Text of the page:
I would imagine that Kim Ogg will be far more retaliatory towards any employee that she finds supporting any other candidate.  I say this in advance because I hope that nobody thinks that a lack of current prosecutors showing up at fundraisers for other candidates means that they don't support those other candidates.  They just don't want to get fired for that support.

From the outside, looking in, it is easy for critics to say, "Well, if they hate working for Kim Ogg so much, why don't they just quit?"  I heard that line a lot in 2012 when Mike Anderson was running against Lykos.  I'm sure we'll hear it again over the next few months.  It was a stupid criticism then and it would be equally stupid now.  Losing a job is a devastating event -- especially when you have a family to support and need things such as money and insurance.

Not to mention being a prosecutor is a fantastic job.  One can be loyal to the job without being loyal to the paranoid despot who is the current District Attorney.

If you are a current employee of the Harris County District Attorney's Office and you don't want to risk your job by supporting another candidate, there are still many things that you can do to give support. 

First and foremost, tell your family, friends, and neighbors your thoughts in private conversations.  Let them know what you think of your current boss and tell them why you think somebody else would make a better choice.  Encourage those same family, friends, and neighbors to learn more about those candidates and attend those fundraisers and "meet and greets" that you can't safely attend.  Let them know why you can't speak out in public, but find a way to educate them.  Encourage THEM to make a donation since you can't.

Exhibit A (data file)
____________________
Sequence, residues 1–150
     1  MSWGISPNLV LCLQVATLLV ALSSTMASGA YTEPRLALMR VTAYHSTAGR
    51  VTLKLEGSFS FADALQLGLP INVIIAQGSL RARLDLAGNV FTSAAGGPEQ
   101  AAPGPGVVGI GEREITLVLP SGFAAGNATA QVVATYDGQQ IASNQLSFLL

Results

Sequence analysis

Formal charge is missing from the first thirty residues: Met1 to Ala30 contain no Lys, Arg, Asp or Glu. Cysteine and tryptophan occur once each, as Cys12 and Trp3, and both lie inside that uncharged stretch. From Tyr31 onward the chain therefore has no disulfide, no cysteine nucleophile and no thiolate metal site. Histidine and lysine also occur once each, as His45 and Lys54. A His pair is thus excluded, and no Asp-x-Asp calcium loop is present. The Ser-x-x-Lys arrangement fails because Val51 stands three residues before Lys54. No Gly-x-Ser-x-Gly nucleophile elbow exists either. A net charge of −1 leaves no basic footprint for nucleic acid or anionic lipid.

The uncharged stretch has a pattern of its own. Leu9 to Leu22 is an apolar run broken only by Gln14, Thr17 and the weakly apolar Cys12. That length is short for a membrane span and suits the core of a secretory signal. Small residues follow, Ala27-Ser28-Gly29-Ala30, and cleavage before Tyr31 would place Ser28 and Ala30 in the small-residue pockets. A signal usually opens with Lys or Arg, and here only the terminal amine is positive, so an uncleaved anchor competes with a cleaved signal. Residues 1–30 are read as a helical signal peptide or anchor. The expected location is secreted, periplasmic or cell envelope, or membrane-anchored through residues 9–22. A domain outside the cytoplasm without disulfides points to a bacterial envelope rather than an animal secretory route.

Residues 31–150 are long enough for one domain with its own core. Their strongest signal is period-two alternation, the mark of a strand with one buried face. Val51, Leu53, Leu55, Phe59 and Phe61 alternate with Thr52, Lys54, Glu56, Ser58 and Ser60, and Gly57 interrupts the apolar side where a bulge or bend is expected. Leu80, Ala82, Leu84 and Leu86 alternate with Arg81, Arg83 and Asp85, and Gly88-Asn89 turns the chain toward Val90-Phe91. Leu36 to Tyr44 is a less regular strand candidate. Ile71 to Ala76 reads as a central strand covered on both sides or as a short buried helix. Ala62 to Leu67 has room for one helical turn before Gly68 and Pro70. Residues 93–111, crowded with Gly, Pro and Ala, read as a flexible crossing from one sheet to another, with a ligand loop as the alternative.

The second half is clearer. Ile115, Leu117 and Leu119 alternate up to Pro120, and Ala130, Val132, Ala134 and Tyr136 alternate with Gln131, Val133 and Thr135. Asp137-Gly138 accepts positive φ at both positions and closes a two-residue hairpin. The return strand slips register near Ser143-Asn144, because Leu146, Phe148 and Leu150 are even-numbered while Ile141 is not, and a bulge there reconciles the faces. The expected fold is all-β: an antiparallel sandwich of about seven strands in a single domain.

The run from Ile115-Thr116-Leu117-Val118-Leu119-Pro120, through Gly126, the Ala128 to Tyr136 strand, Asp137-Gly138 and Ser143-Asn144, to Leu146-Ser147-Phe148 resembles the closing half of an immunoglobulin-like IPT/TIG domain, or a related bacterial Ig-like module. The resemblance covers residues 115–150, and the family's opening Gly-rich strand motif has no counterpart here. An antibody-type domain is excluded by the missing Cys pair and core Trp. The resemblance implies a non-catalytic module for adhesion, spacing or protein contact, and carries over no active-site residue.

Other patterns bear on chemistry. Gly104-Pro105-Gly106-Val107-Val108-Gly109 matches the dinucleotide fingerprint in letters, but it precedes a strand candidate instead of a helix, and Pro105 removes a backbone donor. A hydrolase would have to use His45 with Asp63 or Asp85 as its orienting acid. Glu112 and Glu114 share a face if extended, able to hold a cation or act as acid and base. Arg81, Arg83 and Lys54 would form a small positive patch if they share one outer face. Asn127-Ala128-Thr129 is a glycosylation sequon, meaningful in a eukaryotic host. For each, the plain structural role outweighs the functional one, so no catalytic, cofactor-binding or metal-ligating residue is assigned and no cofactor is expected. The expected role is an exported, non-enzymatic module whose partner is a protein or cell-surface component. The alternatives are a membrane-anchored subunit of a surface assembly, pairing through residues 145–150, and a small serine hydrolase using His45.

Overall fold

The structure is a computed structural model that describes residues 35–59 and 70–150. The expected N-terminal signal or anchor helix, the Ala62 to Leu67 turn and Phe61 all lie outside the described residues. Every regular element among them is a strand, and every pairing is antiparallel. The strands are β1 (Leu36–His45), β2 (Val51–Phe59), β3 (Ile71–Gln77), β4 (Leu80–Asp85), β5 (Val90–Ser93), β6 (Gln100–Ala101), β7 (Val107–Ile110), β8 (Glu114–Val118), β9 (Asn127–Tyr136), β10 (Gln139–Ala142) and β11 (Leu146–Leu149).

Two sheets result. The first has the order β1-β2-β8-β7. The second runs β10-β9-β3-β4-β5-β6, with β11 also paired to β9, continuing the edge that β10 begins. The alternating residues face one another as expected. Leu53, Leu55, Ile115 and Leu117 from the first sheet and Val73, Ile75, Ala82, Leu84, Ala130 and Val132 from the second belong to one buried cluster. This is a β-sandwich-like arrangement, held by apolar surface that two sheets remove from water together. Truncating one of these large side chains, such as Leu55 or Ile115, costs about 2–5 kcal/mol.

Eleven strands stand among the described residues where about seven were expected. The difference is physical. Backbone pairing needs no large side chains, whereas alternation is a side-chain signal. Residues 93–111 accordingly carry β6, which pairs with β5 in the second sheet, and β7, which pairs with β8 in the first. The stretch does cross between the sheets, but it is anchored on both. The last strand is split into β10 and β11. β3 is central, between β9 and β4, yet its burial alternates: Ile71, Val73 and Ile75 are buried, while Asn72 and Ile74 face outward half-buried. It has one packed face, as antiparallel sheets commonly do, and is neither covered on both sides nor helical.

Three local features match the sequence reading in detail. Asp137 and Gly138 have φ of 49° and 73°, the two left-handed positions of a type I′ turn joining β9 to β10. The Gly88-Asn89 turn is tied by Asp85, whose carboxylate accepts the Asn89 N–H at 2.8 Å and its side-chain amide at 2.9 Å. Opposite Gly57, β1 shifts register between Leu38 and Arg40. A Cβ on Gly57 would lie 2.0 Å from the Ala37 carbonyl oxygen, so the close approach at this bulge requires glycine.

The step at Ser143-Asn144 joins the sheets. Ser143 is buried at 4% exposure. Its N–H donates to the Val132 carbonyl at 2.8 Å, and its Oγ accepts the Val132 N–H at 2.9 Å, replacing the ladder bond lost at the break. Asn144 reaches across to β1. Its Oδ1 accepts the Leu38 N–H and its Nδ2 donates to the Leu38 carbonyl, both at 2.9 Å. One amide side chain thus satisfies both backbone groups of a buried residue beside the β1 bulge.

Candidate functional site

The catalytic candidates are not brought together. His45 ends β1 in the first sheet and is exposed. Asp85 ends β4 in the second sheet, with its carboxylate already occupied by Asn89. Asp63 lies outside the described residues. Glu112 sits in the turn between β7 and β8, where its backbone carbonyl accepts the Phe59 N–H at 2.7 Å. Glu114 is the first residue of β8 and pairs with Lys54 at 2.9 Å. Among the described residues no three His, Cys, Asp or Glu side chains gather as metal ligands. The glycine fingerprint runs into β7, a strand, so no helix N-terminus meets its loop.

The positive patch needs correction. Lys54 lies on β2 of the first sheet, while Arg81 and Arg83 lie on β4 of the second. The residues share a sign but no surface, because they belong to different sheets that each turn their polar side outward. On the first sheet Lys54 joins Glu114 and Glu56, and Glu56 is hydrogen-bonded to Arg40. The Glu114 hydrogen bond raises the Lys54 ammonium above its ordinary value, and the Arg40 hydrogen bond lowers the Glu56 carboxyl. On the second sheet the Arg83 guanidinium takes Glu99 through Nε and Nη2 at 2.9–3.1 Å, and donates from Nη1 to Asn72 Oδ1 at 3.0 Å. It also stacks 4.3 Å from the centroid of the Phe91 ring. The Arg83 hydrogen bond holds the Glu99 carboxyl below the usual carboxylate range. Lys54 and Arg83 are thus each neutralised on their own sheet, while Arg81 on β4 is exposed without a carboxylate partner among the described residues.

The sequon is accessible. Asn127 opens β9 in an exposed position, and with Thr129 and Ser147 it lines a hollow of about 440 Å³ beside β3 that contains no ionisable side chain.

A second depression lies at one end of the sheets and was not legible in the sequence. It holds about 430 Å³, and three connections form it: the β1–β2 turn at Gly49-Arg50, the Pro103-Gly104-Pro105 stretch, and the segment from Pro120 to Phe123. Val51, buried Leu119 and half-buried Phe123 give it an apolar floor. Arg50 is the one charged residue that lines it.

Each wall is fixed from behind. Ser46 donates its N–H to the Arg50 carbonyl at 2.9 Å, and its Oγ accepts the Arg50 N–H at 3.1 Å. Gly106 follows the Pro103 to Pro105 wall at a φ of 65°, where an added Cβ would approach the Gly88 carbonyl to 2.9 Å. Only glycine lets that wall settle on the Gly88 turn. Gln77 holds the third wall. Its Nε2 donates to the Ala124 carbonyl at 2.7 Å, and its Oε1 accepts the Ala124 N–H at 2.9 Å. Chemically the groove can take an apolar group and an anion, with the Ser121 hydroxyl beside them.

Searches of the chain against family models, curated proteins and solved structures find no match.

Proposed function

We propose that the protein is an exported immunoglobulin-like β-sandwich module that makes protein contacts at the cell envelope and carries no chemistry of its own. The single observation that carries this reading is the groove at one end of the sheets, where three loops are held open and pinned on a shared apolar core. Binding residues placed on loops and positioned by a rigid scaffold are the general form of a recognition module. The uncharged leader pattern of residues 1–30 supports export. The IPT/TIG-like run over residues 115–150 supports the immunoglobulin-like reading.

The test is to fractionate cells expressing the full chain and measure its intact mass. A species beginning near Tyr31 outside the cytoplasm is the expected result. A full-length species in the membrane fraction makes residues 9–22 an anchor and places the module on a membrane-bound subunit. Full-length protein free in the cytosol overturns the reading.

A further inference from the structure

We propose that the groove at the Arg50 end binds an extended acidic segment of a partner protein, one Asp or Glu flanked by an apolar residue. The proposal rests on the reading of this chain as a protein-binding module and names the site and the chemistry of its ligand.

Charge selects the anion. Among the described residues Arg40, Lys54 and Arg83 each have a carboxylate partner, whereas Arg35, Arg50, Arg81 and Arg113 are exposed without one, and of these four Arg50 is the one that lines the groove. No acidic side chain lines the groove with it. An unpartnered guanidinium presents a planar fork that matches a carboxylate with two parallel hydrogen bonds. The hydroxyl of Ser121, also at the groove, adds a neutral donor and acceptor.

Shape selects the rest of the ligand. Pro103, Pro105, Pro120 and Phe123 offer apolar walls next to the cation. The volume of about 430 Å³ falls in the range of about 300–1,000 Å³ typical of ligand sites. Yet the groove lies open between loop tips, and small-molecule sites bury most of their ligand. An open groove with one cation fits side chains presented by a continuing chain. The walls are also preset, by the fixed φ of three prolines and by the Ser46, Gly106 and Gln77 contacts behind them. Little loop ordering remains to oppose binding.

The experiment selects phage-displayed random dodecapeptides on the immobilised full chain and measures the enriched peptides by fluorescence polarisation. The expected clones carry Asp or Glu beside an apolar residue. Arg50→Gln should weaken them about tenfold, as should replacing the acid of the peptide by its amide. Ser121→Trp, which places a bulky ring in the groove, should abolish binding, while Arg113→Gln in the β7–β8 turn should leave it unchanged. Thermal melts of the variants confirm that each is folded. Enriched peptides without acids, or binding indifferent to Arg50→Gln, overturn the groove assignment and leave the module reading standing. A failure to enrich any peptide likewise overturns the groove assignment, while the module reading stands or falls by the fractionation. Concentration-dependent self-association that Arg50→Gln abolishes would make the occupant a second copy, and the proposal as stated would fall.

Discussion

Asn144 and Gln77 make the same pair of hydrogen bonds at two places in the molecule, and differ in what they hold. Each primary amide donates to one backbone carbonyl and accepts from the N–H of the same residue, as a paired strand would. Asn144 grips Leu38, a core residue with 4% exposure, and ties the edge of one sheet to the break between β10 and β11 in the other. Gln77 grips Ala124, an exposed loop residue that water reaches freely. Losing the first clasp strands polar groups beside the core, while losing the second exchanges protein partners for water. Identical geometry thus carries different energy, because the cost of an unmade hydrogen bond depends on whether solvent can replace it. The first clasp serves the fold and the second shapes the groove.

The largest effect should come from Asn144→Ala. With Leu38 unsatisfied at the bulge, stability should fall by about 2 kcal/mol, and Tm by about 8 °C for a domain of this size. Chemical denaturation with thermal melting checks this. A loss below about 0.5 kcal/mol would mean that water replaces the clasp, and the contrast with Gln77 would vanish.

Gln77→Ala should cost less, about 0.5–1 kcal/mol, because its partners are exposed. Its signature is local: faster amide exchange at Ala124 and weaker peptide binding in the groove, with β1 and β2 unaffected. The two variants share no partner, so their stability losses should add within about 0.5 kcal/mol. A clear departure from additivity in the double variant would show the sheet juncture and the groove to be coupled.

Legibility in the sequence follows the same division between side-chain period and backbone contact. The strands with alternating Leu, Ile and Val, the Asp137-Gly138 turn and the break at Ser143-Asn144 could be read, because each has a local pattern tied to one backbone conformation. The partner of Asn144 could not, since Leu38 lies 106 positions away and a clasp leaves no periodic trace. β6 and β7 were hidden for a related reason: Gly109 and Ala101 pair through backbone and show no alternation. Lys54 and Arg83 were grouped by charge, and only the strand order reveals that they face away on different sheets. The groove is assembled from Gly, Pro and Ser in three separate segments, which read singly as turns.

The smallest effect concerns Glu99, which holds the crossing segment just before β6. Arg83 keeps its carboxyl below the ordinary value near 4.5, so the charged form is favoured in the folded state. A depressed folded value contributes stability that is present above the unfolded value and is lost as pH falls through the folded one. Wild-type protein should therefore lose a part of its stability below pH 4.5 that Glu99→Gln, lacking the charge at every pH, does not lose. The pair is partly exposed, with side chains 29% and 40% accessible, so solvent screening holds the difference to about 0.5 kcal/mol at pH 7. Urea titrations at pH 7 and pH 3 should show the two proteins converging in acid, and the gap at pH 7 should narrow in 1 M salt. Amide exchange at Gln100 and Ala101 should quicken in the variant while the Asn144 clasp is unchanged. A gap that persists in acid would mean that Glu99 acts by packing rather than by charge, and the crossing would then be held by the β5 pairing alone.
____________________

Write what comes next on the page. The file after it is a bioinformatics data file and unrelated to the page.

Although I don't know if this is still the current law, back in 2012, a candidate only had to list a donor who gave $50.00 or more to a campaign.  There were a lot of folks who donated $49.99 to Mike Anderson's campaign back then.  You don't have to go out in a blaze of glory by starting a blog that bashes Ogg or anything stupid like that, but you can still help other candidates if you so choose.

Sometimes, those little gestures of support are far more sincere and powerful than any donation or attendance at a fundraiser.

Monday, November 18, 2019

Episode Four: A Glimmer of Hope - a One Act Sci-Fi Play

SCENE:  The Star Destroyer Jefferson hovers over Downtown Houston.  It has been two years since the Death Star was destroyed by Harvey and workers are now occasionally working to make it fully operational again.  [INTERIOR] The Observation Bridge leading into the Imperial Throne Room.  Two Imperial Officers are standing outside the entryway to the Throne Room, speaking in hushed whispers.

VICE ADMIRAL MITCHAM:  Corporal Leitner, do you have news?

CORPORAL LEITNER:  Yes, Vice Admiral, and I'm afraid it is all bad.

VICE ADMIRAL MITCHAM:  How bad?

CORPORAL LEITNER:  Bad enough that I'm afraid to tell her.  She's been in such a terrible mood since firing Denholm the Hutt.